Wednesday, February 25, 2015

Today was a special day for me. When I went to get the office mail, at the mailbox was a copy of JONESBRIDGE: ECHOES OF HINTERLAND (Diversion Books, 2015), the first book I took on as an agent. 

Originally the book was titled HINTERLAND, but during the shopping process Bloomsbury came out with a book bearing the same title (Kimberley always says titles come in pairs), so we had to go back to the drawing board. 

Jonesbridge is the dystopian landscape where main characters Myron and Sindra make their way sorting salvage metal to fuel a war effort they fail to doubt exists. 

I'm so very happy to see this book in print, and Diversion's enthusiasm for this project makes me so happy; they snapped up the next two books in the series and have already begun recording the audio book. 

Here is the original query I used to pitch M.E.'s book:

HINTERLAND falls at the intersection of Fahrenheit 451 and The Road.  It is a story of loss of information and the onset of dystopia with elements of steampunk/enviropunk.

In a landscape where the world's knowledge has fallen into ruin through disaster and war, a fractured society has rebuilt from known industrial-revolution-era technology, a stymied culture mired in constant conflict for remaining resources.

Young protagonist Myron Daw knows little of life outside the restrictive "protection" of the Jonesbridge Industrial Complex, where he has sifted metals to fuel the war effort for years.  He longs to escape to a place called Bora Bora. When new arrival Sindra joins the salvage line, Myron's world changes to include her. Sindra confides in Myron that the Complex guards are violating her and she is pregnant despite the sterilization procedure. Myron confides in Sindra that he's been building an airship to escape Jonesbridge. As the two plan their escape together, they are separated and caught. Sindra struggles with the feeling that Myron has flown to Bora Bora without her, unaware that Myron has also been captured...and put on trial for the murder of a guard he did not commit.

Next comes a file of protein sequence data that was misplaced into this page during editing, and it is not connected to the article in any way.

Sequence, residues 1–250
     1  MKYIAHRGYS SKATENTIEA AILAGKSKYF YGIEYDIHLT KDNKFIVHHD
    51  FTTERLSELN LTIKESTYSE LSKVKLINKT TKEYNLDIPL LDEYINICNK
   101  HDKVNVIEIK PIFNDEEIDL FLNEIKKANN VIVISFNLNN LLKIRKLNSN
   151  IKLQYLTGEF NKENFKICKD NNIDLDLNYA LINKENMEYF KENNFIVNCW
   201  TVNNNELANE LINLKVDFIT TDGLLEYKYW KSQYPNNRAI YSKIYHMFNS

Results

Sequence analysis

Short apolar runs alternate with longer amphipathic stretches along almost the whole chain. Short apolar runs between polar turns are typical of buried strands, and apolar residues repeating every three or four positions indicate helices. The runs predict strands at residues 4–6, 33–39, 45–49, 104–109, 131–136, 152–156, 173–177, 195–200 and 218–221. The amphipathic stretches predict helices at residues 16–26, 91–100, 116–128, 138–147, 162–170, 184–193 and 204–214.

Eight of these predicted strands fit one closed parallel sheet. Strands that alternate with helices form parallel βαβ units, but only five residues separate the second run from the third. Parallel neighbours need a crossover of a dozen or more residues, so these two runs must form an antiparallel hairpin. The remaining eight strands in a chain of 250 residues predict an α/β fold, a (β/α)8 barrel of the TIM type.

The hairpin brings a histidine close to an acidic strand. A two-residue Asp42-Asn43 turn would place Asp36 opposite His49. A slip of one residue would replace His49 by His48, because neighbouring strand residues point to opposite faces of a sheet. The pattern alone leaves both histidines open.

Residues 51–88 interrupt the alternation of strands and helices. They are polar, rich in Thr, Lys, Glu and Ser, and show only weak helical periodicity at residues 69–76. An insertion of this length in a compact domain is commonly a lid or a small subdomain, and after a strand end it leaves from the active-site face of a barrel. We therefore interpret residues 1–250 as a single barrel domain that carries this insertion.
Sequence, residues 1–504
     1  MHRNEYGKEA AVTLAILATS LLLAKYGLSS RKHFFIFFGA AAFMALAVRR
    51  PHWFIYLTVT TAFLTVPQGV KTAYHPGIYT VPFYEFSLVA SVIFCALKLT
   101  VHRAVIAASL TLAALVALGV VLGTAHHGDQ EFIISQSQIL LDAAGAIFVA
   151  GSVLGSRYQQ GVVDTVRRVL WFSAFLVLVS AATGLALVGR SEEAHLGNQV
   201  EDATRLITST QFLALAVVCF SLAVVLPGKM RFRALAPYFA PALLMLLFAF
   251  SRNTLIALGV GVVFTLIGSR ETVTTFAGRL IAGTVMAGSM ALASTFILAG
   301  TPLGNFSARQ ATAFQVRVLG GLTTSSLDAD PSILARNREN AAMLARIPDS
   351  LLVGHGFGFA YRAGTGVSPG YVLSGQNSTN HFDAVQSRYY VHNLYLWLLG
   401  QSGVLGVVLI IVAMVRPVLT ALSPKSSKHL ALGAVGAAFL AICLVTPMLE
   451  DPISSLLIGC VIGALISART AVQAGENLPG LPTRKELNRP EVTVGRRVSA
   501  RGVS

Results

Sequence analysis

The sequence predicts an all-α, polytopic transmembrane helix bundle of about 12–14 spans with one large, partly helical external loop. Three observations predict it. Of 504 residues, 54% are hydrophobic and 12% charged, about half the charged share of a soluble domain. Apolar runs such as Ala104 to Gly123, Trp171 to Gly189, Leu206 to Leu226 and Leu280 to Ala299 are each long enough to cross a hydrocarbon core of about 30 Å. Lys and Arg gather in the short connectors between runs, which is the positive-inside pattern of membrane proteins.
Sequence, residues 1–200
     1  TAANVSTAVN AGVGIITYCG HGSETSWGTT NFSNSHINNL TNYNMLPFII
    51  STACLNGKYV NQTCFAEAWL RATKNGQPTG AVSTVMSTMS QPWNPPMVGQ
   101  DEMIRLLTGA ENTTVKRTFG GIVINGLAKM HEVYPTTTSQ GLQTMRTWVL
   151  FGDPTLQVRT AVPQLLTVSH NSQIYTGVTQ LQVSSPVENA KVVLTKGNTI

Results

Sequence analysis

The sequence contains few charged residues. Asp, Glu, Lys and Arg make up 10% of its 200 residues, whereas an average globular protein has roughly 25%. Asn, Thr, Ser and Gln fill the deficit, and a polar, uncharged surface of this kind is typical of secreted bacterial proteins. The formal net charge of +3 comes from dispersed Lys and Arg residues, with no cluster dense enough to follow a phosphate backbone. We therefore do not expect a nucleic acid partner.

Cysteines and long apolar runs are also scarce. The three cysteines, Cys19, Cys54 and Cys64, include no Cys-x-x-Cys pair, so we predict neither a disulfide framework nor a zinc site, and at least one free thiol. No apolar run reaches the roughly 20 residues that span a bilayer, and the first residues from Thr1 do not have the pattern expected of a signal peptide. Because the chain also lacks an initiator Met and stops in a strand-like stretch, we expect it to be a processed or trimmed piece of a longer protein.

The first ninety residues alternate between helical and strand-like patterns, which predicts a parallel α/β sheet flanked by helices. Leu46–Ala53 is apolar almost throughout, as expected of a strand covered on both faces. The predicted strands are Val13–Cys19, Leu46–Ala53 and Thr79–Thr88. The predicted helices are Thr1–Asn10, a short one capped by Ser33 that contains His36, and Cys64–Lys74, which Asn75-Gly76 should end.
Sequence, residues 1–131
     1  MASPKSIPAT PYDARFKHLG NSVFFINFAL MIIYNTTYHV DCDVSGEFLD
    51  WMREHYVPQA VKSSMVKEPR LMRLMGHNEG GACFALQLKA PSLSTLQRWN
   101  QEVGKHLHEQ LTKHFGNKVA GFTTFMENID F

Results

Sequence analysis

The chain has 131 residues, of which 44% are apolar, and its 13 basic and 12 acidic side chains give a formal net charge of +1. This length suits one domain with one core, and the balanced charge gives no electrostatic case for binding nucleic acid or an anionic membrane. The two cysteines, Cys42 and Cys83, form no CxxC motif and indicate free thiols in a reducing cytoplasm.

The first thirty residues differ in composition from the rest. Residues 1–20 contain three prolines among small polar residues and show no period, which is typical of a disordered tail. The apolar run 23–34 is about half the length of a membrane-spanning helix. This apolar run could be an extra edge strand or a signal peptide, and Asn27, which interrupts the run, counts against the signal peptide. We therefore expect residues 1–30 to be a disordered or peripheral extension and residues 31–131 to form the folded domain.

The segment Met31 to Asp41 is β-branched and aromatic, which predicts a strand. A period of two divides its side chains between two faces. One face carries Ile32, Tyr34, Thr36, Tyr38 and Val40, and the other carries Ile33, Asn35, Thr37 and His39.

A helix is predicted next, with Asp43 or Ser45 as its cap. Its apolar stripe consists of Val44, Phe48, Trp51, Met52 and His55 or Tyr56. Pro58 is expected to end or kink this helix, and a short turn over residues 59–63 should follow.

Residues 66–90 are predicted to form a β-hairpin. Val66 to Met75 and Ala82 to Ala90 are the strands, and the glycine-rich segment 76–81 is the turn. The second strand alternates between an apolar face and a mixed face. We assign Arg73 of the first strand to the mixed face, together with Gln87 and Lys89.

M.E. Parker is founder and editor in chief of nationally recognized Camera Obscura Journal of Literature & Photography (distributed to 177 B&N stores and 150 independent bookstores). The journal website generates 60K unique visitors annually. M.E.'s  short stories have appeared in numerous literary journals, and his websites can be viewed at and M.E. is active across all social media platforms and attends publishing conferences in promotion of his journal on a regular basis.

To view M.E.'s website, click here

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